But what I found interesting is his analysis of the groups involved in the Resistance and his proposals for the future.

The Resistance included the followers of Zelaya in the Liberal party as well as social movements traditionally connected with the left. But there was another group – the people who came out because they felt that the June 28 coup was an insult to their dignity.

What should the Resistance do?

It should define the content of the struggle, including a) the demand to preserve Honduras’s patrimony, its natural resources – the land and the environment; b) the social demands, including salary, health, work, housing; and c) demands regarding institutional politics in order to transform the Honduran government. This includes the demand for a constitutional convention (una asamblea constituyente). But, he noted if the demand for the “constituyente” is not linked with the other demands, it could be used against the Resistance. Even Pepe Lobo might call for a "constituyente."

The three task for the future of the Resistance include, first of all, to politicize the people. Politics is not necessarily a dirty word. (In traditional Catholic teaching it is the pursuit of the common good.) And so there is the need for political formation. For this purpose, ERIC-SJ will be leading a 7 month political formation school in Progreso, Yoro, and in Santa Rosa. In addition, Caritas Santa Rosa de Copán has begun a five session school of political formation throughout the diocese, training about 160 people in democracy and political participation.

The second task that Padre Melo mentioned is to organize the people. Here he is thinking about communitarian approached to community development in the communities where people live. As I understand it, this type of organization is not something that happens top down but is the effort of people at the local level, in the towns and villages, to organize so as to improve their lives, working together.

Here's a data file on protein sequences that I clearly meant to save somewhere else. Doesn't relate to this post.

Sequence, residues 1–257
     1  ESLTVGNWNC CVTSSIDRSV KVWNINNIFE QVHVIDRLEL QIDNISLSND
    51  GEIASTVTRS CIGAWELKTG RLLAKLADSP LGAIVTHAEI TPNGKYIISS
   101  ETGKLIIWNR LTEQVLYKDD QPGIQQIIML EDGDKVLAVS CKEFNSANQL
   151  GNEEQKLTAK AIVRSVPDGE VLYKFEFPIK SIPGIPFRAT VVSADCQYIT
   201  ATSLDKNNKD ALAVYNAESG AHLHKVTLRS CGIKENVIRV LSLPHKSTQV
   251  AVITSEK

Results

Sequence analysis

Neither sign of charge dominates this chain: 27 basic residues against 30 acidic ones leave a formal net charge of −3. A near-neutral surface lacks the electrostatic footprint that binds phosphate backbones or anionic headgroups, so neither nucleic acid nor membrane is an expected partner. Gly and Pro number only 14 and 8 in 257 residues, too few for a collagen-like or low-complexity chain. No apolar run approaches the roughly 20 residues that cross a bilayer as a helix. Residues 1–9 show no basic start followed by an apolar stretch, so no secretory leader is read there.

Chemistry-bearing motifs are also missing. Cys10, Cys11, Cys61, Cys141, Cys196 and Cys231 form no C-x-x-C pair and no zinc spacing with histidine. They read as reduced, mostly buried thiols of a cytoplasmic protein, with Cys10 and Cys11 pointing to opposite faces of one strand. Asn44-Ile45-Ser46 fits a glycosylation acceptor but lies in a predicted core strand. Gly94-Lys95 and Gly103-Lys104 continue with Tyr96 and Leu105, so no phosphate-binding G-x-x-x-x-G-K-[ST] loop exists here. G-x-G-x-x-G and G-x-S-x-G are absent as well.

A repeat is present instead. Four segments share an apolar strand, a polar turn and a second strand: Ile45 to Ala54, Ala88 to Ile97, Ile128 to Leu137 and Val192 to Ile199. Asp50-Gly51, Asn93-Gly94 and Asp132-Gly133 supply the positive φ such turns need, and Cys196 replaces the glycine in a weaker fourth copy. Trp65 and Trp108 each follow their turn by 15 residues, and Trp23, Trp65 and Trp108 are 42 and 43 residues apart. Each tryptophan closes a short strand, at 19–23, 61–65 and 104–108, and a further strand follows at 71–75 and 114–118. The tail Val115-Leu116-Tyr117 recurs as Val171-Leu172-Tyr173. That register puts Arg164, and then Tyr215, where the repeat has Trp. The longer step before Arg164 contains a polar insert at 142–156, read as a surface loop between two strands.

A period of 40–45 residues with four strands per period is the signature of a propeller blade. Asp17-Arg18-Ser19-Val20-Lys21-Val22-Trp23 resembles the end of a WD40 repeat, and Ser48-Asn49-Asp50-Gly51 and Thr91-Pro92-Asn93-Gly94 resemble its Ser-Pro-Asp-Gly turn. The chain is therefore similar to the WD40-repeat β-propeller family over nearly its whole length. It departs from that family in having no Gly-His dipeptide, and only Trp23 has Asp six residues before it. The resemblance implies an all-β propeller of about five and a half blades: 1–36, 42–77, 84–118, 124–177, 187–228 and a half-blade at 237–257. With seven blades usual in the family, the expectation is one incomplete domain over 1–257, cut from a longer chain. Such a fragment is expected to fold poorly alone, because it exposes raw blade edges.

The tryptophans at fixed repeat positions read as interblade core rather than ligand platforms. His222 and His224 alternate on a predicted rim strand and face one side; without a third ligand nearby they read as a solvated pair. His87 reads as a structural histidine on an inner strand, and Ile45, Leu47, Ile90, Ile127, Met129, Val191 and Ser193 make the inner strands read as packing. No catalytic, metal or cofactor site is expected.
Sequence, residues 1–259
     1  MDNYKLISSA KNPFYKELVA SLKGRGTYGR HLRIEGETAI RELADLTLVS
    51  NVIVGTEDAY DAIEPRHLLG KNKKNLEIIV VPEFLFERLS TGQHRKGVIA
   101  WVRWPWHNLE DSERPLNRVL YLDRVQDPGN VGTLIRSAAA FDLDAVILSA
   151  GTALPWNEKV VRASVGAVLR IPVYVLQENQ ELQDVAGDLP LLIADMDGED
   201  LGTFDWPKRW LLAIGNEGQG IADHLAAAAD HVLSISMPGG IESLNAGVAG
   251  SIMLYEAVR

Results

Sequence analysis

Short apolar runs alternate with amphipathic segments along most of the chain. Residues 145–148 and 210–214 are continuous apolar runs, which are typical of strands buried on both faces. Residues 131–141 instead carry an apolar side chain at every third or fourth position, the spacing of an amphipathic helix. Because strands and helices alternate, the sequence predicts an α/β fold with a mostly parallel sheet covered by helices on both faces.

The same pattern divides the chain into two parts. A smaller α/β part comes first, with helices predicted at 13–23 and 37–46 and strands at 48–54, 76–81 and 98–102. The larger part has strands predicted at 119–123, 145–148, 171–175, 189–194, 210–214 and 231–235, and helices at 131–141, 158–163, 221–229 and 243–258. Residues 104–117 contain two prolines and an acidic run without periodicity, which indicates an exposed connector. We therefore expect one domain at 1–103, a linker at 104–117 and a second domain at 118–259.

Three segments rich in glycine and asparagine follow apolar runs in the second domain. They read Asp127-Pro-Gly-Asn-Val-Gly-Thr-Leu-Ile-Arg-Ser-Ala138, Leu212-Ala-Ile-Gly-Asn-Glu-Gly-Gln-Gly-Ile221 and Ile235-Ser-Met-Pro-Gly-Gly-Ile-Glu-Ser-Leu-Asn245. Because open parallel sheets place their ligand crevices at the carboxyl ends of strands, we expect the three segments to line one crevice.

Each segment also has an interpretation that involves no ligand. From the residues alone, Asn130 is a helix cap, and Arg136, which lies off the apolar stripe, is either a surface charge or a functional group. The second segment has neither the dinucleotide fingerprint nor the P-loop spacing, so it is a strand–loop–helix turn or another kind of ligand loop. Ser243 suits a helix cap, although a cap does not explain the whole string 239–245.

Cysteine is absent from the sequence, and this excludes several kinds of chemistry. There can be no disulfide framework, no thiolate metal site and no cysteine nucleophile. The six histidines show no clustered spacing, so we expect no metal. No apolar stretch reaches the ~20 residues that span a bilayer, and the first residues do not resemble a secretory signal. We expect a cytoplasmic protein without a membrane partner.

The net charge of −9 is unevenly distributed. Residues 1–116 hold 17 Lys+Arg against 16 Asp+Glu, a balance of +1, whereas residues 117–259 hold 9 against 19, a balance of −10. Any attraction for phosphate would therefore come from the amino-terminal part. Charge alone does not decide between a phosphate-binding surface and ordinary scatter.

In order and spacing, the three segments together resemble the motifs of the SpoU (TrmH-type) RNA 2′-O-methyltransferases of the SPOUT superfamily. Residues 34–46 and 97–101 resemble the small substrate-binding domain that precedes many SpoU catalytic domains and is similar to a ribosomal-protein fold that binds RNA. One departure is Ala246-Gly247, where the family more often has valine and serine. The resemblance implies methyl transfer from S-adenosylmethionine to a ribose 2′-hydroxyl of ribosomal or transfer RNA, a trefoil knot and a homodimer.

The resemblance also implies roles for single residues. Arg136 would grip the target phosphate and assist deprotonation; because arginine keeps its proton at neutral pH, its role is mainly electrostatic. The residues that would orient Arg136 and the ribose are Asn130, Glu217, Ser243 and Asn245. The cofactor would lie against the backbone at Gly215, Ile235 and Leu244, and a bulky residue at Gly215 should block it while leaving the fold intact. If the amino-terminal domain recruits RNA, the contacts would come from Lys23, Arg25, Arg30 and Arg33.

The third task is to mobilize the people.

In some ways a lot of what the Resistance has done, and has been able to do is to mobilize the people. The harder task of raising the political consciousness of the people and assist them in organizing at the local level is the long-term very hard work, which I think is necessary for any social change here.

Where will this lead? I hope that all sorts of efforts can be made for a Honduras where the life of every person is respected and where the people can participate actively and effectively in the life of their village, their neighborhood, and their nation.

But there are major obstacles – not least of which is the power of the elites to use their political and economic clout to suppress the initiatives of the people.

Father Melo sees Honduras at a crossroads: either an authoritarian regime or the construction of a democracy which is popular and participative, not merely representative.

I hope and pray – and will work – so that the future may be like what I experienced in Dulce Nombre on Friday, a people with great faith, working together for God and for their community.